Can Turmeric Help With Inflammation?

Inflammation plays a significant role in the development of chronic illness, disease, and premature aging. However, science is turning its attention to curcumin's role in inflammatory disease states. Curcumin is the yellow pigmented polyphenol extracted from turmeric, and studies show that curcumin may not only reduce inflammatory responses in the body, but it can actually prevent them from starting in the first place, via Nutrients. And it's not merely one body system that benefits, but several. In fact, curcumin appears to play a role in reducing inflammation of the respiratory system, joints, and digestive system, via Molecules. For respiratory health, curcumin was found to reduce bronchial inflammation in asthma patients; for patients with rheumatoid arthritis, curcumin was found to block the growth of fibroblasts and reduce inflammation of the joints; and for gastrointestinal ailments, curcumin was found to decrease inflammation in the digestive tract, particularly in its ability to inhibit acid-induced colitis in mice. 

If that seems like a lot, there's actually more. Because cancer's underlying causes typically stem from oxidative damage and inflammation, scientists are focusing their attention on curcumin's potential to prevent and treat cancer, via Molecules. Researchers are enthusiastic about both the efficacy and safety curcumin may offer for cancer patients. Current therapies can allow cancer to develop drug resistance, and toxicity tends to build in the system over time as treatment with chemotherapy and radiation progresses. However, curcumin shows promise in its ability to maintain a multi-targeted approach to cancer treatment with a low risk of toxicity.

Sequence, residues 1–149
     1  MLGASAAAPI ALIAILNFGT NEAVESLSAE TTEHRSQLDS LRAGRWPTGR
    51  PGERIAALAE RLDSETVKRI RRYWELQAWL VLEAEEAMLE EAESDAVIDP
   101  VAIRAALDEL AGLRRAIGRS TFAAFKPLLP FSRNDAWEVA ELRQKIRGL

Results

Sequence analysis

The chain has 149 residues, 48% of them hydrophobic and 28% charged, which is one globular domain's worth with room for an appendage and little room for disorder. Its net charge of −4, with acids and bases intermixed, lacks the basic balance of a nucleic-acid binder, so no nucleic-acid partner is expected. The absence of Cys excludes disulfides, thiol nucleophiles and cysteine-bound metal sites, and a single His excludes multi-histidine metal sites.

Scientific limitations

While curcumin shows great promise for anti-inflammatory responses in the body, absorption and bioavailability may be limited, via UCLA Health. Clinical trials suggest many of the potential benefits of curcumin can be countered by a lack of absorption, reduced bioavailability, rapid metabolization, and elimination from the body. Therefore, other bioactive compounds taken in conjunction, such as piperine (the natural alkaloid found in black pepper), should be used in order to increase bioavailability and absorption, according to Nutrients. Additionally, researchers suggest that curcumin should be ingested along with lecithin-rich dietary sources such as eggs or vegetable oils in order to increase bioaccessibility. Some evidence even suggests plasma levels of curcumin were 1.4 to 2.1 times higher in women than they were in men, suggesting gender may play a role in bioavailability limitations as well. It should also be noted that human studies of curcumin are limited and short-lived. Some medical professionals suggest more research needs to be done in order for the mechanisms of curcumin to be well understood from a scientific perspective, and to gauge both acute and long-term benefits of this seemingly powerful phytochemical.